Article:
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Amritsar Visit. (Read 4769 times)
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Amritsar Visit.
16. Jul 2007 at 16:49
 
We are an elderly couple wishing to stay for some time in a  Golden Temple Guesthouse.  How long is one permitted to stay there, together or in separate quarters, in which of the several guest houses there is most suitable?
Furthermore are baptism performed there and what are the necessary prerequisites?  Thank you for your attention and greetings from Mexico.
P.S. we heard that there is a Gurudwara in Mexico-City but we are unable to find and contact same, anyone of you got information on this?   Huh
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Paola
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Amritsar Visit - Practical TEMPLE Information
Reply #1 - 12. Jan 2009 at 00:18
 
Dear Friends,   I recently asked a question on Amritsar Portal and I received such a great answer, I thought it was worth sharing with everyone here.  My thanks again to "ADMIN" for the very warm welcome.  See you in Amritsar !
 
My questions :  I am a middle-aged married woman travelling alone. I would like to stay at the guest lodgings of the Golden Temple by myself on 16-17 March 2009. I am a spiritual person but I am not a Sikh. I am familiar with the rules of conduct for this holiest of temples. What advice do you have for me ? What offerings should I bring ? What is the usual donation for non-Indian guests ?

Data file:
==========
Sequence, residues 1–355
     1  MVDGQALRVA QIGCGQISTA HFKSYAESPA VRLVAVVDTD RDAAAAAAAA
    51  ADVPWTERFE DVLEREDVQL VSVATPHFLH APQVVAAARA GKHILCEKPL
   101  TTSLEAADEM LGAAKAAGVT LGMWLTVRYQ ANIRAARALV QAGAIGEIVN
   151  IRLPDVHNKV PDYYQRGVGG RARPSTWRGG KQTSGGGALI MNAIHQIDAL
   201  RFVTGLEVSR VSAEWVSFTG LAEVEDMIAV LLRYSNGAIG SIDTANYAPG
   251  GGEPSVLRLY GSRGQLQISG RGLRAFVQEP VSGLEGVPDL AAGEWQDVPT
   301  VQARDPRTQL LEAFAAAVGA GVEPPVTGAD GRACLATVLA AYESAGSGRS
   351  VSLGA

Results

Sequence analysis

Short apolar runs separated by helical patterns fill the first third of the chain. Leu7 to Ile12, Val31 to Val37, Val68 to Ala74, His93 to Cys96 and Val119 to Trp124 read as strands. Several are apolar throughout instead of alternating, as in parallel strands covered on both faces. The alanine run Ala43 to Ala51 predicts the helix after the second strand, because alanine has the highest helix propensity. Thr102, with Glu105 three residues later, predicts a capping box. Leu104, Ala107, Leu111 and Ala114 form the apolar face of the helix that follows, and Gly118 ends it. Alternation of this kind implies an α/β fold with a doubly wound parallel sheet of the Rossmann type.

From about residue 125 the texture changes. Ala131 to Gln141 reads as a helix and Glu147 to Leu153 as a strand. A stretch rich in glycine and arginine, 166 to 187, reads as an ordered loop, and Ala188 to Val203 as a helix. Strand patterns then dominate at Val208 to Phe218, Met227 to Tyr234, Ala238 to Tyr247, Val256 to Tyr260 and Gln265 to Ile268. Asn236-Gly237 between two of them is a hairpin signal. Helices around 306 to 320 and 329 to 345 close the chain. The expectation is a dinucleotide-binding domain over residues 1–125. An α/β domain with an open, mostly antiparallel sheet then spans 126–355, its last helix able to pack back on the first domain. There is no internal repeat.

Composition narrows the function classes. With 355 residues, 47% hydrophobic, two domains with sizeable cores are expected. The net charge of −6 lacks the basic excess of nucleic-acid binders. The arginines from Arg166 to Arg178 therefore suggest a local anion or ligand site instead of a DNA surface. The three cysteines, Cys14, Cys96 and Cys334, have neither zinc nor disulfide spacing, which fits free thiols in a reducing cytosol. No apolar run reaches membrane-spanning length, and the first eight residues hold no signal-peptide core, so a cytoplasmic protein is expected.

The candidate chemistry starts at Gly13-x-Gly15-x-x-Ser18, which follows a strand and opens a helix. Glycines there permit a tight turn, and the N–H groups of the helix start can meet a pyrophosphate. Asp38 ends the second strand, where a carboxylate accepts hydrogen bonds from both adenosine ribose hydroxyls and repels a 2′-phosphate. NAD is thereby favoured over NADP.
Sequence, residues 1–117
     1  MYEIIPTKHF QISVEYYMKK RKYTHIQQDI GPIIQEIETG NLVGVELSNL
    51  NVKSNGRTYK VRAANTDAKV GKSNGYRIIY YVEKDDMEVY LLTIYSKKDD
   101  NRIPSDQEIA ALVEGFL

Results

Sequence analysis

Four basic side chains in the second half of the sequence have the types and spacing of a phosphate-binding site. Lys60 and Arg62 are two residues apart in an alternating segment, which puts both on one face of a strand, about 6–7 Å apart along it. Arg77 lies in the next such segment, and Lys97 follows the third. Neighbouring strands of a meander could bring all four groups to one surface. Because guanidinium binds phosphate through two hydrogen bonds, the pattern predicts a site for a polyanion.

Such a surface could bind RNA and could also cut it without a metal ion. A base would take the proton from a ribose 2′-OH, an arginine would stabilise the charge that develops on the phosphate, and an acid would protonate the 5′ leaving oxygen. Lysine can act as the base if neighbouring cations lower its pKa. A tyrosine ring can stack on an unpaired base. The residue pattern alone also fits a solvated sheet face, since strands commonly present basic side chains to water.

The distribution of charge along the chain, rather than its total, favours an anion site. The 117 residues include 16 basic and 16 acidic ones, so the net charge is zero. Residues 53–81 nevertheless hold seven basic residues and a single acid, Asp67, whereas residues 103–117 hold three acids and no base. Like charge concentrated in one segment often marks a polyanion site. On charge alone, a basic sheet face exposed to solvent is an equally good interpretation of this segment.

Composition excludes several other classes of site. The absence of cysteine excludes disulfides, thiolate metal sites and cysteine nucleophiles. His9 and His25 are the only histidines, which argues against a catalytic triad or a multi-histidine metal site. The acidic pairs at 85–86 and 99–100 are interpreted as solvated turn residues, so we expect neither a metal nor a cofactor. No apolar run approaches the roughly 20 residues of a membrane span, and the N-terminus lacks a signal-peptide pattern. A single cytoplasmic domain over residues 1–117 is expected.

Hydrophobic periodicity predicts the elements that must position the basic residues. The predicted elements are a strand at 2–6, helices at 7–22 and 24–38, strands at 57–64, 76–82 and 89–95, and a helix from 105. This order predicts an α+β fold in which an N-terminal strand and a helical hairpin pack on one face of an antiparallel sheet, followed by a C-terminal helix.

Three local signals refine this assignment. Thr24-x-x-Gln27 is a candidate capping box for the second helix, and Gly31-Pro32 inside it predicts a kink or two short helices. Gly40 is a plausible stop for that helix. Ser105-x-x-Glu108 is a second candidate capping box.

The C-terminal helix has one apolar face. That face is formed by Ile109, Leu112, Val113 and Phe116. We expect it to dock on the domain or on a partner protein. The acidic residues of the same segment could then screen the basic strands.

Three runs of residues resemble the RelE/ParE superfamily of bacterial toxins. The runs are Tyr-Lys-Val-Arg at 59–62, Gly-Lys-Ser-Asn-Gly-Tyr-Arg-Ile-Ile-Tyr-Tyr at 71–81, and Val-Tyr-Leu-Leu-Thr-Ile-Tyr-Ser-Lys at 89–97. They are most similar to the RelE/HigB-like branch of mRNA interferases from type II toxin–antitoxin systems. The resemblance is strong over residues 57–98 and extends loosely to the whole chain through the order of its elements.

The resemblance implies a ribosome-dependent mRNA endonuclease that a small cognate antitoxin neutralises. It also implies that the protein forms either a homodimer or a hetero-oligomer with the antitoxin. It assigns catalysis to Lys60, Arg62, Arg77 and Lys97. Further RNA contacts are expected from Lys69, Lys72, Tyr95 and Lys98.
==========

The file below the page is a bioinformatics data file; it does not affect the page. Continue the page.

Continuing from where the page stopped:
Response from Amritsar Admin:  
In terms of your question, there are many other people much better qualified to answer your question. [Paola: I don't think so !] However I can offer you my own humble words of advice.
 
1. First and foremost there is no need for any offering or donation required. The "Guru's " House - Sri Harmandir Sahib at Amritsar is open to all religions, creeds and believers. Whether you are a Sikh or a non Sikh, you are free to enter and do not need to make any special offering.  However if you wish to make a small donation when you reach the Sri Guru Granth Sahib (the Sikh Holy Book), then most people make a small donation in front of the book. This donation is entirely up to you.
 
2. The key rule of conduct at Sri Harmandir Sahib is "respect" for the place. As such, you will need to keep your head covered and take your shoes off. There are a number of places before you enter where you can store your shoes and you will be given a token in return.
 
3. Take  your time to walk slowly around the Sarova (pool), and let the tranquil kirtan with its hypnotic melody soak your body so all your troubles and stress start to leave your body, leaving you at peace.
 
4. For the ultimate release of any sufferings, take a dip in the pool. There is a womans area for you enter the pool to immerse yourself. It is quite an experience to dip in the pool and watch the world from another perspective.
 
5. At all times try not to have your back towards the Sri Harmandir Sahib or sit with your back to the Sri Guru Granth Sahib.
 
6. There is always a lot of hustle and bustle at busy times - so try and go there early in the morning or late in the evening (or both to get the best experience).
 
7. Take the opportunity to have the free langar (free serving of simple food) - this is one of the great achievements of the Sikh Religion - an institution of free food for all guests. The Langar hall is to one side. Please make sure you find it or ask someone.
 
8. When you get to the inner sanctum (along the covered walkway) to the center, bow your head with your hands together as a sign of respect for the great teachings of the Gurus captured in the Holy Book (Sri Guru Granth Sahib).
 
I think that's all - not great rules other than respect for the place. Of course it goes without saying, one should not be intoxicated with any acohol, drugs or have eaten any meat prior to the visit.
 
Be confident, and relax - Enjoy your experience. Sikhism is a tolerant and understanding religion - you will not make any mistake and people will advise you gently if you do not understand anything.
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